LI vets await Cuomo decision on medical marijuana to treat PTSD

LI vets await Cuomo decision on medical marijuana to treat PTSD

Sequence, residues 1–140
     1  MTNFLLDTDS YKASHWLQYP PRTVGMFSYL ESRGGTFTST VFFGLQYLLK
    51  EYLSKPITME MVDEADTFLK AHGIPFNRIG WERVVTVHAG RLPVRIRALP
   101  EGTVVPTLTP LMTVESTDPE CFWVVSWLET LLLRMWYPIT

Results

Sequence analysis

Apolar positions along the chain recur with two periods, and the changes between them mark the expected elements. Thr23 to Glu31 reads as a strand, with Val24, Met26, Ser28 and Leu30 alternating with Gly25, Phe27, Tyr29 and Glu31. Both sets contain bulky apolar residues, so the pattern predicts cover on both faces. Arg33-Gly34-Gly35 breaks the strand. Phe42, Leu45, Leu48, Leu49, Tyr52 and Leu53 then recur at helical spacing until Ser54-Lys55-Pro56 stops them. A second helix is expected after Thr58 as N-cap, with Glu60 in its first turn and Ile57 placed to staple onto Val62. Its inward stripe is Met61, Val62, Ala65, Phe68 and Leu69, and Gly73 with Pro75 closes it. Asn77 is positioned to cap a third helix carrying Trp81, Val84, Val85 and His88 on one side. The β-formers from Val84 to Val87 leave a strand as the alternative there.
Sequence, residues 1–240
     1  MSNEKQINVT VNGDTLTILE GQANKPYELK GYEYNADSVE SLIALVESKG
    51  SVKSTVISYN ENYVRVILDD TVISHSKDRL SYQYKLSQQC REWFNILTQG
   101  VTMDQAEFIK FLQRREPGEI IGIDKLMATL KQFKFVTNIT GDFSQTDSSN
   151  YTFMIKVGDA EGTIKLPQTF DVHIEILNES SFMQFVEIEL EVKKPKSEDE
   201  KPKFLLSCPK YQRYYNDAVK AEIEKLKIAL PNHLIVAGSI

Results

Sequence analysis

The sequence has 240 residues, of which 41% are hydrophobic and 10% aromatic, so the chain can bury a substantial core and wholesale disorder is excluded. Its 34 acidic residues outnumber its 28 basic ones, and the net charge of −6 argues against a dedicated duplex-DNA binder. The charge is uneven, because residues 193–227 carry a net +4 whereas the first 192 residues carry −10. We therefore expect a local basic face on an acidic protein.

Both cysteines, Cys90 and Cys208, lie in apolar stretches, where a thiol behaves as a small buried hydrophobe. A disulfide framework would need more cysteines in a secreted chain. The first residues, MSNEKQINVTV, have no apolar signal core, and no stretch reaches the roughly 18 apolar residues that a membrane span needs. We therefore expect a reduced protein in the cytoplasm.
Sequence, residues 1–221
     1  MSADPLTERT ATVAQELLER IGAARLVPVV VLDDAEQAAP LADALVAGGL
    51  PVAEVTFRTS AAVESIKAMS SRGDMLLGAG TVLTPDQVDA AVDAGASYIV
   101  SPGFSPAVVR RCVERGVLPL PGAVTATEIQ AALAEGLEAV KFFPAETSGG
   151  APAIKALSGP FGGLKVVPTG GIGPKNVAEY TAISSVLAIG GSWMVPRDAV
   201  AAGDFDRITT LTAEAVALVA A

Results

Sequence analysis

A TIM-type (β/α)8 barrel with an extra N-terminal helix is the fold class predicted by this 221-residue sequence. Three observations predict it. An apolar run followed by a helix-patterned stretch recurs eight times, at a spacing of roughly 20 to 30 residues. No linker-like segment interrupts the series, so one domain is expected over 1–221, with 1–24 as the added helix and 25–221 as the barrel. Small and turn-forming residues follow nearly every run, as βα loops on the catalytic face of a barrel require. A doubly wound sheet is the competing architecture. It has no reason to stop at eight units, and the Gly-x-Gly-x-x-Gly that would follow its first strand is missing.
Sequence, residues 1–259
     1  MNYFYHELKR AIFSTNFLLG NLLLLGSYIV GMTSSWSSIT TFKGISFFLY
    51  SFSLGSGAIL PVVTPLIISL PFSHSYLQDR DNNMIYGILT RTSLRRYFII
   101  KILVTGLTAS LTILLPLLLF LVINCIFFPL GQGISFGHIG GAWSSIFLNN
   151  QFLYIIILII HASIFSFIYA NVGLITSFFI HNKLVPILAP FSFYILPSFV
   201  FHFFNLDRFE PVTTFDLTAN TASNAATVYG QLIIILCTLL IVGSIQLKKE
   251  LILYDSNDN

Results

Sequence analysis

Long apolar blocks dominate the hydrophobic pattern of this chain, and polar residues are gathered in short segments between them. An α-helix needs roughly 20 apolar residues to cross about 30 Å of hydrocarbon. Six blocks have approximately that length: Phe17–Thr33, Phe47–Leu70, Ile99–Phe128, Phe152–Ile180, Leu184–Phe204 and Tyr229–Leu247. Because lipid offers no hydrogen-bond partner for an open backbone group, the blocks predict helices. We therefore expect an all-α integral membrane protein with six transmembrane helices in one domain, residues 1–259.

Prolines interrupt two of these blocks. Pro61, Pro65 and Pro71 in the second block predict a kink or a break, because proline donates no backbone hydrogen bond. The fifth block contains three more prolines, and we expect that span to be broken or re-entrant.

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Gov. Andrew M. Cuomo has not said whether he will support a bill approving the use of medical marijuana to treat veterans battling PTSD. Photo Credit: John Roca Long Island veterans are awaiting a decision from Gov. Andrew M. Cuomo on whether he will sign a bill permitting medical marijuana to help combat PTSD, a treatment option not recommended by the federal Department of Veterans Affairs but supported by many former service members and their advocates. Legislation adding post-traumatic stress disorder to the list of 11 serious medical conditions eligible for medical marijuana was recently approved by the state Legislature and is now under review by the governor’s legal counsel and the state Department of Health, a spokesman for Cuomo said. Cuomo has not indicated whether he will support the bill, though legislators said they are optimistic following recent expansions to the program, such as allowing the drug in more forms such as lozenges and ointments, which they said signals a greater openness to its use as a treatment option. The bill’s sponsors and other legislators have touted the bill as a necessary aid to those with PTSD, whose ranks include many of New York’s estimated 900,000 veterans, according to the VA. State Sen. Diane Savino (D-Staten Island) said veterans rely on a “cocktail of drugs” such as antidepressants like Zoloft, despite reports of little relief and escalating fears about the addictive nature of many prescription drugs. “We need to solve this problem,” Savino said. “We [New York] would be an outlier if we didn’t add it.” Others don’t think marijuana is an appropriate solution to treat PTSD. A handful of Long Island politicians, including state Sen. Elaine Phillips (R-Flower Hill) and state Sen. Thomas Croci (R-Sayville), chair of the Senate Veterans Committee, voted against the bill, citing the […]

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